Implementing a STABLE and ROBUST system for practical use:

In both of our setups, we have tried to make our system robust enough to take out on the road! We’ve made acrylic enclosures for all the speakers, as well as designed an acrylic amplifier box which houses an amplifier array along with a charging circuit and a Li-ion battery. The battery powered amp-box gives us the mobility we’d like to make use of later. All wiring and circuits have been shifted from the breadboard to stripboard/veroboard and everything has been kept modular to allow quick assemble/dis-assembly. For the disk setup, all hardware is mounted onto a flat wooden surface as shown in the pictures above. Finally, shielded speaker wires were used to avoid any cross-talk.


Group Members:
M Haris Usmani (Persistent Member)
Robert Kotcher
Haochuan Liu
Liang He
Meng Shi
Wanfang Diao
Jake Berntsen

Toward understanding human-computer interaction in composing the instrument (Fiebrink et al)

Instrument,Reference,Theory — rkotcher @ 5:41 pm

Group Project: Multi-Channel Sound System (part 1)

Audio,Hardware,Instrument,Reference,Software — rkotcher @ 4:23 pm


The multi-channel sound system group is implementing a spatial instrument that allows us to interactively experience sound in space. The system includes software that controls a set of eight (currently) speakers that are positioned in space. The experiences will depend on the specific hardware setup and mechanics, which are still in the works. Our group has listed five possible hardware/software setups, and we are brainstorming the many experiences we can create with each setup. These ideas are listed in the section “Categories”.


Each section corresponds to a specific hardware/software setup. For each, we include a few ideas that we have come up with so far.
  • A mobile disk that can be worn (as a hat, etc) – “Ambiance Capture Headset/Scenes from a Memory”

Every day, we move about from place-to-place to spend our time as driven by our motivations. Home, Road/Car, Office/School, Library, Park, Cafeteria, Bar, Nightclub, Friend’s place, Quite Night- we all experience a different ambiance around us and a change of environment is usually a good thing. It may soothe us, or trigger a certain personal mode we have (like a work mode, a social mode or a party mode). What if we could capture this ambiance, in a ‘personalized’ way and create this around us when we want- introducing the Ambiance Capture Headset. This headset has a microphone array around it and it records all the audio around you- it may catalog this audio using GPS data. You come home, connect the headset to your laptop & an 8-speaker circle and after processing audio (extracting ambiance only, using differences in amplitude and correlation in time etc.), the system lets you choose the ambiance you’d want. You can quickly recall your day by sweeping through and re-experiencing where you’ve been.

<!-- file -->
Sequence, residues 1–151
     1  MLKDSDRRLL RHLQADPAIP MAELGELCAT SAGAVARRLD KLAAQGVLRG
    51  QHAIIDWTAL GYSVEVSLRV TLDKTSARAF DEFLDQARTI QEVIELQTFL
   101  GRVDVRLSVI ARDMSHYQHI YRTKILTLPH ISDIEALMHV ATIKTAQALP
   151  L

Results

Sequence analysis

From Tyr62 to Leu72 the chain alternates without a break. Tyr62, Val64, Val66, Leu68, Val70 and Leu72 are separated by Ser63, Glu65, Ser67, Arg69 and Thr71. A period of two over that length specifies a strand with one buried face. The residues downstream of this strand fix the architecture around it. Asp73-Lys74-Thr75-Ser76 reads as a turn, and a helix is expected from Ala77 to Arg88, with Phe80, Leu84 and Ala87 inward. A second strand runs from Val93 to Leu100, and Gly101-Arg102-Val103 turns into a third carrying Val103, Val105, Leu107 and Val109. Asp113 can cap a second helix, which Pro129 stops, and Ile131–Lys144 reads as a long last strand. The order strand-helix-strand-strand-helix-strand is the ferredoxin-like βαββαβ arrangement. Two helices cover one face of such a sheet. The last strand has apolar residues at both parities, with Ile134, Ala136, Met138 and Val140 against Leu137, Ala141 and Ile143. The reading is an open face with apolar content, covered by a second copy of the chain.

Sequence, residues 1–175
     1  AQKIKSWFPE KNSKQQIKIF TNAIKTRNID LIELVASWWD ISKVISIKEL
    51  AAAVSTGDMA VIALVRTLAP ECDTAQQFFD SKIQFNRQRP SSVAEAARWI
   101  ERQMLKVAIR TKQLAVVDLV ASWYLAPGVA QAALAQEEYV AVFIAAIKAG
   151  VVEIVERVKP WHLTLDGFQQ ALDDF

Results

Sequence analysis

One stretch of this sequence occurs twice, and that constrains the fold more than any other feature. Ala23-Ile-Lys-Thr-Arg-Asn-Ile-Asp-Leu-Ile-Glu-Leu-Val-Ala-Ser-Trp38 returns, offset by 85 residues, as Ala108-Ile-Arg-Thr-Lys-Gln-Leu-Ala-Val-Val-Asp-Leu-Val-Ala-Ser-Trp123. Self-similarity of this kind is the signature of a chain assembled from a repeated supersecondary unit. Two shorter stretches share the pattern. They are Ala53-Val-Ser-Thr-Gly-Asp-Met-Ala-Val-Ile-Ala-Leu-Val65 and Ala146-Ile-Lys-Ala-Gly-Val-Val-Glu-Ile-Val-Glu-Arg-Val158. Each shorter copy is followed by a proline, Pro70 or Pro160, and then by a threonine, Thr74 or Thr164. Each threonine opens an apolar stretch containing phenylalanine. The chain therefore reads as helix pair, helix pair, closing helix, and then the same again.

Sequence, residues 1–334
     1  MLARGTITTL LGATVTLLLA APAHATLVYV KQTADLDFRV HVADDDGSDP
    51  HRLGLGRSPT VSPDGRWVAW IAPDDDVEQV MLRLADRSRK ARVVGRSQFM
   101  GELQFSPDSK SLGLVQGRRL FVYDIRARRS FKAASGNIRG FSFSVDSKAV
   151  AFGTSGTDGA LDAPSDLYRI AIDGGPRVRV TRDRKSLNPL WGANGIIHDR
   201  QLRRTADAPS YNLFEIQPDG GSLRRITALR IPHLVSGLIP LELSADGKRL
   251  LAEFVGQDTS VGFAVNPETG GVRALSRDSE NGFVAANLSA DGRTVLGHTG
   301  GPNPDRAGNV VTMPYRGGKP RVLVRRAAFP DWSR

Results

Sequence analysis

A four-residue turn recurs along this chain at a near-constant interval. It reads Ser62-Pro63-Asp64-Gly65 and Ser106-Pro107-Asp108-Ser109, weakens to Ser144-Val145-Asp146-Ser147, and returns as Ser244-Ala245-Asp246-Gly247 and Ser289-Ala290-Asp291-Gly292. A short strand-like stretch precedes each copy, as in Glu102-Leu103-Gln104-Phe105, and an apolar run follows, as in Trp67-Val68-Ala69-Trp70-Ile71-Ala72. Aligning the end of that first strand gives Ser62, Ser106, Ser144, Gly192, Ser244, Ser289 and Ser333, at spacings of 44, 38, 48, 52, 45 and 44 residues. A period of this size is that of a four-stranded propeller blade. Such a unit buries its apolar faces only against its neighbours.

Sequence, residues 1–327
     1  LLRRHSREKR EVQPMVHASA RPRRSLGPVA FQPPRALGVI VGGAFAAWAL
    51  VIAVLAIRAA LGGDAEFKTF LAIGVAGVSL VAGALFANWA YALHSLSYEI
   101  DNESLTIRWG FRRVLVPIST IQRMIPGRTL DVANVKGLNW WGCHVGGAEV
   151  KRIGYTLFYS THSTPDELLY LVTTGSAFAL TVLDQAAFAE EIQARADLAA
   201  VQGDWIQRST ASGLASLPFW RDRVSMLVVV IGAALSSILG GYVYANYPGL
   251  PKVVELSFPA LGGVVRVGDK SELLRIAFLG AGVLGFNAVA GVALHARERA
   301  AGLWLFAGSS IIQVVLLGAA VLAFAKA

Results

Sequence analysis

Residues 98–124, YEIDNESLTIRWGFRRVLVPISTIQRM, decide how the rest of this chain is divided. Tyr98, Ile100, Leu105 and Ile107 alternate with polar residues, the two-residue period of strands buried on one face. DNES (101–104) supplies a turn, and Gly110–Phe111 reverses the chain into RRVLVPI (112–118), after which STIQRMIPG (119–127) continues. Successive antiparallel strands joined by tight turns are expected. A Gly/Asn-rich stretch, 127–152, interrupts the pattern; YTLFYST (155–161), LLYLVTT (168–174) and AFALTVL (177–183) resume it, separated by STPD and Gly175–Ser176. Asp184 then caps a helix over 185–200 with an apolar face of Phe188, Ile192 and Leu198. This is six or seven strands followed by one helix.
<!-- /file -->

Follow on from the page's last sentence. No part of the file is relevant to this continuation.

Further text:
• Head-sized disk with speakers positioned evenly around the disk. Facing inward – “Circle of Confusion”

In this section, our ideas tend to fall in two categories, either using the setup to confuse a listener’s perception of the world around them, or to enhance it in some way. In the first scenario, one idea is to amplify sounds that are occurring at 180 degrees from the speaker, in other words, experiencing a sonic environment that is essentially reversed from reality.

  • Speakers hanging from the ceiling in arbitrary shapes – “EARS”

Sometimes you just need someone to listen to you, like a few ears to hear you out maybe? A secret, a desire, an idea, a confession. This is a setup that connects with people, and let’s them express what they want. It’s a room you walk into which has speakers suspended from the ceiling. You raise your hand towards one, and when that speaker senses you coming near, it descends to your mouth level so you may talk/whisper into it (speakers can act as microphones as well! or we may attach a mic to each). You may tell different things to the different speakers, and once you’ve said all you want, you hear what the speakers have heard before. This is chosen by the current position of speakers, as all speakers start to descend if you try to touch them. All voices are coded, like through a vocoder to protect identities of people. Hearing some more wishes, problems, inspirations, hopes you probably feel lighter than you did before.

  • A 3D setup (perhaps a globe-shaped setup) – “World Cut”

You enter into an 8 speaker circle, having a globe in front. You spin the globe and input a particular planar intersection of the world- this planar intersection ‘cuts’/intersects a number of countries/locations. These intersected locations map to a corresponding direction in our circle, so you hear music/voices/languages from the whole ‘cut’ at a go in out 8 speaker circle. You can spin the globe and explore the world in the most peculiar of ways.

Current system setup
The diagram shows the current hardware setup. As we explain in the section below, it is subject to minor modifications.





Implementing a STABLE and ROBUST system for practical use:
The current hardware implementation is not practical, yet. The wiring obstructs the experience and the system itself is difficult to transport. The items in the section called “Categories” describes completely new hardware setups that will fix this problem. Shielded speaker wires or PCB boards may be part of a more stable. Making the project more robust could include making acrylic enclosures for the speakers. Finally, we’re looking into using larger speakers to improve the experience.


Initial Group Members:
Sean Lee
David E. Lu
Jake Jae Wook Lee
M Haris Usmani


Current Group Members:
M Haris Usmani (Persistent Member)
Robert Kotcher
Haochuan Liu
Liang He
Meng Shi
Wanfang Diao
Jake Berntsen

Instrument: “3D chocolate printer” by Liang Hao

3D Printer,Instrument,Reference,Technique — rkotcher @ 7:41 pm

Screen Shot 2013-09-03 at 3.40.15 PM


Instrument: “Mouse glove” by Marco Ramilli (2010)

Arduino,Instrument,Reference,Software — rkotcher @ 10:17 pm

Screen Shot 2013-09-02 at 6.15.41 PM